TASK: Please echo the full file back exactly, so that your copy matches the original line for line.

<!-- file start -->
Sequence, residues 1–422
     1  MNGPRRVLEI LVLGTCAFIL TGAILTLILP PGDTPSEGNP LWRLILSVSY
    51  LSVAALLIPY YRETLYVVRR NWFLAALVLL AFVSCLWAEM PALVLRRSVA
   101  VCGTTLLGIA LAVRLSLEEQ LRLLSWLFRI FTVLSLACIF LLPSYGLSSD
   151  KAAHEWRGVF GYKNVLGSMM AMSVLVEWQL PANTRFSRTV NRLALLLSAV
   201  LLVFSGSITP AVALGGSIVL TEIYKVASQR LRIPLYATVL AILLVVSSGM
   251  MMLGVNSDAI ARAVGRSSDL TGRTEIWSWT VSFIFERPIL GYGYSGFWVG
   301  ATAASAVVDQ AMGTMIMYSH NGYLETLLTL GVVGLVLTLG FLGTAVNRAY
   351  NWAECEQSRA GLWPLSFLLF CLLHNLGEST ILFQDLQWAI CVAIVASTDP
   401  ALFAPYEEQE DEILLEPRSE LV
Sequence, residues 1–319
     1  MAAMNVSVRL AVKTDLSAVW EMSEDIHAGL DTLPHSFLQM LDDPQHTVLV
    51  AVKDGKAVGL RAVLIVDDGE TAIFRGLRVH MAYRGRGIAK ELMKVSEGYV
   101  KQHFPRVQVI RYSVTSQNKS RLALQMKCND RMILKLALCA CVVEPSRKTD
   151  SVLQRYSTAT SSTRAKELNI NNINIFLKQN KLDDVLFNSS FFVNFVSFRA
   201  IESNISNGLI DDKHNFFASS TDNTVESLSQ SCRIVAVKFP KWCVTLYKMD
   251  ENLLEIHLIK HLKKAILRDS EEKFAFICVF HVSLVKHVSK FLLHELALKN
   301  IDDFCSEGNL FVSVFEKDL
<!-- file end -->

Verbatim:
Sequence, residues 1–422
     1  MNGPRRVLEI LVLGTCAFIL TGAILTLILP PGDTPSEGNP LWRLILSVSY
    51  LSVAALLIPY YRETLYVVRR NWFLAALVLL AFVSCLWAEM PALVLRRSVA
   101  VCGTTLLGIA LAVRLSLEEQ LRLLSWLFRI FTVLSLACIF LLPSYGLSSD
   151  KAAHEWRGVF GYKNVLGSMM AMSVLVEWQL PANTRFSRTV NRLALLLSAV
   201  LLVFSGSITP AVALGGSIVL TEIYKVASQR LRIPLYATVL AILLVVSSGM
   251  MMLGVNSDAI ARAVGRSSDL TGRTEIWSWT VSFIFERPIL GYGYSGFWVG
   301  ATAASAVVDQ AMGTMIMYSH NGYLETLLTL GVVGLVLTLG FLGTAVNRAY
   351  NWAECEQSRA GLWPLSFLLF CLLHNLGEST ILFQDLQWAI CVAIVASTDP
   401  ALFAPYEEQE DEILLEPRSE LV
Sequence, residues 1–319
     1  MAAMNVSVRL AVKTDLSAVW EMSEDIHAGL DTLPHSFLQM LDDPQHTVLV
    51  AVKDGKAVGL RAVLIVDDGE TAIFRGLRVH MAYRGRGIAK ELMKVSEGYV
   101  KQHFPRVQVI RYSVTSQNKS RLALQMKCND RMILKLALCA CVVEPSRKTD
   151  SVLQRYSTAT SSTRAKELNI NNINIFLKQN KLDDVLFNSS FFVNFVSFRA
   201  IESNISNGLI DDKHNFFASS TDNTVESLSQ SCRIVAVKFP KWCVTLYKMD
   251  ENLLEIHLIK HLKKAILRDS EEKFAFICVF HVSLVKHVSK FLLHELALKN
   301  IDDFCSEGNL FVSVFEKDL